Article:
For a worker born in or after 1930 who lives to attain age 62 (his year of first eligibility for a retirement benefit), the wageindexed PIA is a function of the total of his 35 highest indexed annual earnings. The total of the indexed annual earnings from these 35 years is converted to a monthly average by dividing by 420 (= 12 x 35) and then rounding down to the next dollar. This amount is called the Average Indexed Monthly Earnings (AIME). The wageindexed PIA at age 62 is then calculated by rounding down to the next dime the sum of:
(a) 90 percent of the first b_{1} dollars of the AIME, plus
(b) 32 percent of the AIME over b_{1} dollars and through b_{2} dollars, plus
(c) 15 percent of the AIME over b_{2} dollars,
where b_{1} and b_{2} are the two bend points for the appropriate year of first eligibility. Beginning in the year of attainment of age 62, the wageindexed PIA is increased by applying COLAs each December.
The Maximum Gain of the Special Minimum PIA Over the WageIndexed PIA
Consider a person born in 1938 who is first eligible for benefits in 2000 with no earnings before 1960, the year of attainment of age 22. We want to find the maximum possible gain that he can obtain if his PIA is the special minimum PIA, rather than the wageindexed PIA. This problem can be thought of as the optimization problem:
Maximize {SPMIN  PIA} over all possible earnings histories,
where we denote by SPMIN the special minimum PIA and we denote by PIA the regular wageindexed PIA.
We can show that the solution to this problem must consist of a payment history in which the earnings in any of the 35 years of highest indexed earnings which is a year of coverage do not exceed the minimum amount in that year required for a year of coverage. To show this, assume that we have a solution to the stated maximization problem, i.e. an earnings history which maximizes the difference {SPMIN  PIA}. Let us further assume that in this earnings history there is a year of coverage, j, which is one of the 35 highest indexed annual earnings years and in which the earnings exceed m_{j}. If this is the case, we can construct an earnings history identical to the earnings history of that solution except that the earnings for year j equal m_{j}. For this modified earnings history, SPMIN will stay the same but the AIME, and hence the PIA, will decrease, so the difference {SPMIN  PIA} will increase. This contradicts our assumption that our original solution maximizes that difference. Therefore, for an earnings history to maximize the difference {SPMIN  PIA}, earnings in any of the 35 highest indexed earnings years which is a year of coverage, must not exceed m_{j}.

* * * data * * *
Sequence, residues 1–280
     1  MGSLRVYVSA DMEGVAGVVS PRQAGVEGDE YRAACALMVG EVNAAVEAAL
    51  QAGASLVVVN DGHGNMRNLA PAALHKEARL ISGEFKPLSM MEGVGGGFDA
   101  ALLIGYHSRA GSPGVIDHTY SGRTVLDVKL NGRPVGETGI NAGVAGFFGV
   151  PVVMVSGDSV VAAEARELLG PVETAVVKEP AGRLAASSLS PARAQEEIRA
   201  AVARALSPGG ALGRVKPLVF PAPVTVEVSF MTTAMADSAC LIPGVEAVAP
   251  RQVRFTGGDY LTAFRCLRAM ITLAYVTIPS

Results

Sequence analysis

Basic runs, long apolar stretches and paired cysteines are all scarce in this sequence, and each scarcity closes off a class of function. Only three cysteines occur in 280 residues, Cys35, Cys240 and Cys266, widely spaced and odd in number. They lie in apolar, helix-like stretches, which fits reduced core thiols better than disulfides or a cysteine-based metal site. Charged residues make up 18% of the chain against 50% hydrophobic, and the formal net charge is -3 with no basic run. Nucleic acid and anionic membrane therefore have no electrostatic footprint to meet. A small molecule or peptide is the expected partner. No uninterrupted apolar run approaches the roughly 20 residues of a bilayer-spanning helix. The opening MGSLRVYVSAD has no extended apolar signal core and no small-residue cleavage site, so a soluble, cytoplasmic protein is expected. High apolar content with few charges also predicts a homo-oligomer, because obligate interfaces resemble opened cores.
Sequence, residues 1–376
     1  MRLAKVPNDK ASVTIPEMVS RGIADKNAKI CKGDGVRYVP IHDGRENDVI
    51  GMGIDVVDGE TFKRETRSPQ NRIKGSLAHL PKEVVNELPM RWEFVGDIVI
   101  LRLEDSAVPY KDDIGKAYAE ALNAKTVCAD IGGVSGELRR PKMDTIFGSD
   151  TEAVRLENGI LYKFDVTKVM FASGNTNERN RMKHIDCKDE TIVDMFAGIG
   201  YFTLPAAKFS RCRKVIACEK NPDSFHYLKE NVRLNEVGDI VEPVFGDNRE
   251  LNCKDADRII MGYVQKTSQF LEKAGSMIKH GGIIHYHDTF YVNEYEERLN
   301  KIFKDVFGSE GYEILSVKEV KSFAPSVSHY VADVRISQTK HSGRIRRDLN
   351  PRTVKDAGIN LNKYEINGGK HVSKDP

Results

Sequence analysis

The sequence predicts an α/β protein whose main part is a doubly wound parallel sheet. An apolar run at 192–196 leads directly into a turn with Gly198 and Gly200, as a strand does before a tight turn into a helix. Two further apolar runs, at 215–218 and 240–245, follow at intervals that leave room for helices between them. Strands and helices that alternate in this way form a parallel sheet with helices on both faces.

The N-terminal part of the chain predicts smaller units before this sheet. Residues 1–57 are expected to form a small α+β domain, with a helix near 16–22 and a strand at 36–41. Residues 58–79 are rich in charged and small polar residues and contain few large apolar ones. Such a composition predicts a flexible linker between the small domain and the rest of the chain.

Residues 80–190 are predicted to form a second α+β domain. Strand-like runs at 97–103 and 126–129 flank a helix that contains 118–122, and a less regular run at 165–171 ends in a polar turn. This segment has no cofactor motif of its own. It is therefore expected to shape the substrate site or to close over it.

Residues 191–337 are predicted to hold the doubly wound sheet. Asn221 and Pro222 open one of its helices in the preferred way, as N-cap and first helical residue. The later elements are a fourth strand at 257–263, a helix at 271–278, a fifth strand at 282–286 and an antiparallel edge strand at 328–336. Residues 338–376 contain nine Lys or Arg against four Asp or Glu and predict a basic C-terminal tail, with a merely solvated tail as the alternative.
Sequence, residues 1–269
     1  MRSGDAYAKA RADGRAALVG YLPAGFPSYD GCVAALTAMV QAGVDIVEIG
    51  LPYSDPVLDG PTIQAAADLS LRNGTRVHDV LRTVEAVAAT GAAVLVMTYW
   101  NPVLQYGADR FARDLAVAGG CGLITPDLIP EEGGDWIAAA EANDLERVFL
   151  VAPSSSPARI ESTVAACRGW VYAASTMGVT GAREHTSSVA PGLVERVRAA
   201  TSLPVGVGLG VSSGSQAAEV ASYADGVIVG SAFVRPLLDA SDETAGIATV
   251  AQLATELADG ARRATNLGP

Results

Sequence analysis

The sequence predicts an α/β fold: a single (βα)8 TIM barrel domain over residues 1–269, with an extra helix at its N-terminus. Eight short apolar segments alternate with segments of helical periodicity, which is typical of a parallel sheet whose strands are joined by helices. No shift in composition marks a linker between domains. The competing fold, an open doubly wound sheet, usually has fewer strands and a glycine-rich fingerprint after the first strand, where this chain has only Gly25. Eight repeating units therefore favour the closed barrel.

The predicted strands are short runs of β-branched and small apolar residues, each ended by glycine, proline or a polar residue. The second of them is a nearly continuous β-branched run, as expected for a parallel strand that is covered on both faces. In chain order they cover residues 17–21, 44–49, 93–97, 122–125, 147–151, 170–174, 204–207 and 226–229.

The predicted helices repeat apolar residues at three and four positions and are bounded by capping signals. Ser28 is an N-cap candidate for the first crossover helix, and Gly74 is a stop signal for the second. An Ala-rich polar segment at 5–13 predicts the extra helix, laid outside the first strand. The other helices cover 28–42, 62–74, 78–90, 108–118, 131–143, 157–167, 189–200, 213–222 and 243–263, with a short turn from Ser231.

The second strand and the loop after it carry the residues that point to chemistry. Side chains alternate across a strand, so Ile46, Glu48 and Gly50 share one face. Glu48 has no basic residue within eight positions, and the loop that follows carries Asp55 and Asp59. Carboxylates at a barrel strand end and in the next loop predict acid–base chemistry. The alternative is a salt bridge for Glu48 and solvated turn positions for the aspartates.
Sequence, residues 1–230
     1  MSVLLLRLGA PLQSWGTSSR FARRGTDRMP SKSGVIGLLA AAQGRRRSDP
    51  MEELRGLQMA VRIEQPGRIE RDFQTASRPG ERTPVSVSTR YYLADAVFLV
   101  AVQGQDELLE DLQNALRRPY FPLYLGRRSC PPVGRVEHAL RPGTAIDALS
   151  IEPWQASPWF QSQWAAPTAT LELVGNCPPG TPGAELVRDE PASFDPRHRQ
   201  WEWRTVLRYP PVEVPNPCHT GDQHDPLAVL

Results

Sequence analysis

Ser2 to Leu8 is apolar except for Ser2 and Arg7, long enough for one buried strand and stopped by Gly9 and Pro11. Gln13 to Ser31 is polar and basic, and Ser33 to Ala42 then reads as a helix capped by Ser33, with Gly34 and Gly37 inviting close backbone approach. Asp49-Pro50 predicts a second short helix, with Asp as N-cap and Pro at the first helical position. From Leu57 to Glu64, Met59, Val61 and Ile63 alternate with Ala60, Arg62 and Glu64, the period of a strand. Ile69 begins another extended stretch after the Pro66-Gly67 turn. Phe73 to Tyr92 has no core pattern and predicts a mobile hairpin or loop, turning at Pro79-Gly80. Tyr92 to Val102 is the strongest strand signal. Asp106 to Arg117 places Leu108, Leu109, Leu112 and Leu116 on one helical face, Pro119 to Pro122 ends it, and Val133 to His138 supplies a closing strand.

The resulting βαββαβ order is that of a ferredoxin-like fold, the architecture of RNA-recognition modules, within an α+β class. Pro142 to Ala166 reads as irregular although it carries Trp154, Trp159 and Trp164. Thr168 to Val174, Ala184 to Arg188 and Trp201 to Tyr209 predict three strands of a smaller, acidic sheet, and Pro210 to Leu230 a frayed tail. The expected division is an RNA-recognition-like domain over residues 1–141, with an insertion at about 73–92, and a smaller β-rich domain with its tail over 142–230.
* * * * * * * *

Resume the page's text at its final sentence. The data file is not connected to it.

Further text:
Using a similar argument, we can also show that:
(a) the solution to this problem must consist of an earnings history in which the earnings in the 35 years of highest indexed earnings which are not years of coverage equal zero; and
(b) the number of years of coverage in the solution will not exceed 30.